It’s Wednesday, so here are 5 informative ecommerce stats!
How well did click and collect really do over Christmas?
Postcode Anywhere claim that 95% of online shoppers will use click and collect during Christmas. The company has just revisited the research to find that the results are somewhat shy of this prediction. Although it still reflects a growing trend for this method of fulfilment.
- 47% of UK consumers used click and collect this Christmas
- Most popular category for this method of delivery was fashion, gadgets and household technology such as TVs
- Least popular goods for purchase using Click and Collect included the more bulky items such as furniture and kitchenware, with only 3% of shoppers using this delivery method.
Retailers could do more for mobile shoppers
Somo has analysed the mobile capabilities of the top 50 high street retailers, finding that:
- 40% do not have a mobile optimised store locator.
- 20% don’t have a transactional mobile site.
- 30% don’t have an iOS app.
- 28% don’t have an Android app.
- 44% do not have a tablet optimised site.
- 46% don’t support responsive web design.
Eight out of 10 consumers will shop online more if offered free shipping
New data from Walker Sands reveals that the offer of free shipping and returns goes a long way, with consumers saying they’d not only shop online more frequently and across more product categories, but would also buy expensive items online without seeing them first.
- 76% of consumers now say they would spend more than $100 online on a product without seeing it first, up from 70% in 2013.
- Free shipping (83%) continues to be the top reason consumers say they would shop more online.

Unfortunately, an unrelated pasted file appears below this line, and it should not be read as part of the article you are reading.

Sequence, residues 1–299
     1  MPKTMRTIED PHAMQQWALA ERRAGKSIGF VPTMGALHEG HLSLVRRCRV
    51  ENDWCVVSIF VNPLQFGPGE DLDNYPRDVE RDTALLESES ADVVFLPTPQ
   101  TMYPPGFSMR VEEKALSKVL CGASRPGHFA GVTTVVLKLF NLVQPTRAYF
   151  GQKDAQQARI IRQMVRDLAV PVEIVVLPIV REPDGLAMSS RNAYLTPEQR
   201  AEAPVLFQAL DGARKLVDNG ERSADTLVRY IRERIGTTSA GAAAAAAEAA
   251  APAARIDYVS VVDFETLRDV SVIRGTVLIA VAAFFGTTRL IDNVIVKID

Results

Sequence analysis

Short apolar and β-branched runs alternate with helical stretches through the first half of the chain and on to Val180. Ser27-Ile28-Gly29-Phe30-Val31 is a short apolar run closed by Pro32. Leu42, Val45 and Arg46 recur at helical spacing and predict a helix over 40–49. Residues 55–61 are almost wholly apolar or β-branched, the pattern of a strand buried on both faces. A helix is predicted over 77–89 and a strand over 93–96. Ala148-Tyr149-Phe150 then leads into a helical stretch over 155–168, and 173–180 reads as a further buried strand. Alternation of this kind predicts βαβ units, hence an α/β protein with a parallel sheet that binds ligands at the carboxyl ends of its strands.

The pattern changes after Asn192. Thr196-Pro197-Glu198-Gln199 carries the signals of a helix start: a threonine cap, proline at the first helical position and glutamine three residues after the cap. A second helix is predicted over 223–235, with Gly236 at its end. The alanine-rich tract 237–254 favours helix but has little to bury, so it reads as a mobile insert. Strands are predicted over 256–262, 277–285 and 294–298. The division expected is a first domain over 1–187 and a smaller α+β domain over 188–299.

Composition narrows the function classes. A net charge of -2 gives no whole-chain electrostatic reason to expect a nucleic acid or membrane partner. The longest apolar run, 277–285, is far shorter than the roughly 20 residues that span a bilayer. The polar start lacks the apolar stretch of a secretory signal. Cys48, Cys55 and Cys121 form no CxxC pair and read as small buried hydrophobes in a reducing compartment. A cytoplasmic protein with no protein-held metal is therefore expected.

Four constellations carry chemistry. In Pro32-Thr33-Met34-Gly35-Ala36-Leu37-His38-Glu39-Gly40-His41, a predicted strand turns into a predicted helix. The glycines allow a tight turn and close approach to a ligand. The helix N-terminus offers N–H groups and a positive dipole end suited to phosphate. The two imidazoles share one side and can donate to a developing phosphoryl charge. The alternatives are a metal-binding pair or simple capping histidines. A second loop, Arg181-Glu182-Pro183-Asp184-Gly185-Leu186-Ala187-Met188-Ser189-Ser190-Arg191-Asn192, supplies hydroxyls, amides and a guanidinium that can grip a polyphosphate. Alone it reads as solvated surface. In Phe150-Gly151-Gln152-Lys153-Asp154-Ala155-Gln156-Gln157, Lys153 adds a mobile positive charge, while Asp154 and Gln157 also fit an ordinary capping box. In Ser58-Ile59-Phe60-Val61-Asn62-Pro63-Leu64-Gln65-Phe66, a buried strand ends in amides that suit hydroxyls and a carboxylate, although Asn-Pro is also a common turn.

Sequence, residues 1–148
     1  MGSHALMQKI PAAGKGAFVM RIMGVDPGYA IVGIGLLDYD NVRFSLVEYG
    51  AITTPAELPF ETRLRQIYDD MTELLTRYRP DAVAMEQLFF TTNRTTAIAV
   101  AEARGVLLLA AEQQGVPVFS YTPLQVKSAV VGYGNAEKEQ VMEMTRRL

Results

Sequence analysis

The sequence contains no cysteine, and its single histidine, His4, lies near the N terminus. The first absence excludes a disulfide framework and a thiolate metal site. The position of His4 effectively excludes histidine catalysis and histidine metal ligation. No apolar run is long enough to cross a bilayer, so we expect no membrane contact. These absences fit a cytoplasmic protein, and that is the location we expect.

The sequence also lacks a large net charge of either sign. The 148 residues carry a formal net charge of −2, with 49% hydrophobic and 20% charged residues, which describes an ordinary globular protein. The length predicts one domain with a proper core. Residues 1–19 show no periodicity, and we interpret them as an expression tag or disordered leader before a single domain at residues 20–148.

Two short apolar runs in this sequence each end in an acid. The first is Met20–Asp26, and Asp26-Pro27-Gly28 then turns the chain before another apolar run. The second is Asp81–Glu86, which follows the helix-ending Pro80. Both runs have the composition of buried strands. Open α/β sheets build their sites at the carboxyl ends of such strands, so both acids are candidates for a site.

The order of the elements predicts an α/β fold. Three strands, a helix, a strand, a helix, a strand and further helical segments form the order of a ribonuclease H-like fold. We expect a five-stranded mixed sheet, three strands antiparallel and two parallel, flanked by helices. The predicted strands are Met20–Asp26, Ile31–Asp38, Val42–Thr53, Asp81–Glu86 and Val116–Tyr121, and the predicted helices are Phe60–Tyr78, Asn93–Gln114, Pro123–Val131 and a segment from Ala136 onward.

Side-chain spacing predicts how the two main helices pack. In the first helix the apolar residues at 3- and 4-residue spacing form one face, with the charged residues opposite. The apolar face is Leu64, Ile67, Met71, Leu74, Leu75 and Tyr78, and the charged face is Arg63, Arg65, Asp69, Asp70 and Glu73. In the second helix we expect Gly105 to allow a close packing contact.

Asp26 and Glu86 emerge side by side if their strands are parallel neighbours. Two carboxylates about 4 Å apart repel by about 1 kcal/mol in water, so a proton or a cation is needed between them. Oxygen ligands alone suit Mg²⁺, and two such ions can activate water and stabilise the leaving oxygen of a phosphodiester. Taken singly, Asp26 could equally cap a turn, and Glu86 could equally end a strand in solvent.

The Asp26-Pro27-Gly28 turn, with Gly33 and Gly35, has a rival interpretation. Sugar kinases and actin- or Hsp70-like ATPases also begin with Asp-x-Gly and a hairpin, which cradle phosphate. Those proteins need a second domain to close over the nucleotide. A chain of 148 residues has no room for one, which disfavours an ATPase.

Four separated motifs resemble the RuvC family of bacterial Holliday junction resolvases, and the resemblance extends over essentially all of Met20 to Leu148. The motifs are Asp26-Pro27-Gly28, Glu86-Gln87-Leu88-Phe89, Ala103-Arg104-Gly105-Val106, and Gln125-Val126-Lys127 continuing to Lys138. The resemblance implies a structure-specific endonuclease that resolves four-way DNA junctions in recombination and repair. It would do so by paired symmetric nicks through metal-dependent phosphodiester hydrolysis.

- Free returns can help drive higher ecommerce sales for big-ticket items – nearly three times as many consumers (27% vs. 10%) would purchase a product online costing more than $1,000 without seeing it first, if returns were free.
Growth in mobile commerce
Data from Ipsos and PayPal shows that mobile shopping is growing at nearly four times the rate of overall online spending in the UK.
From 2013-2016, the UK average compound annual growth rate for mobile spend is projected at 36% vs. 10% for overall online spend.
However this is mainly due to the relatively small base size for mobile commerce.
As a percentage of UK online spending, smartphone shopping accounts for on average 8% of online spending while shopping on tablets accounts for only 6%. In comparison, laptops, desktops and notebooks together account for 86%.
Online voucher code use grows 43% in 12 months
An independent survey of 1,000 consumers commissioned by Voucherbox.co.uk reveals that the number of people who frequently seek out discounts when making purchases online grew by almost half over a 12 month period (from 23% in 2014 to 33% in 2015).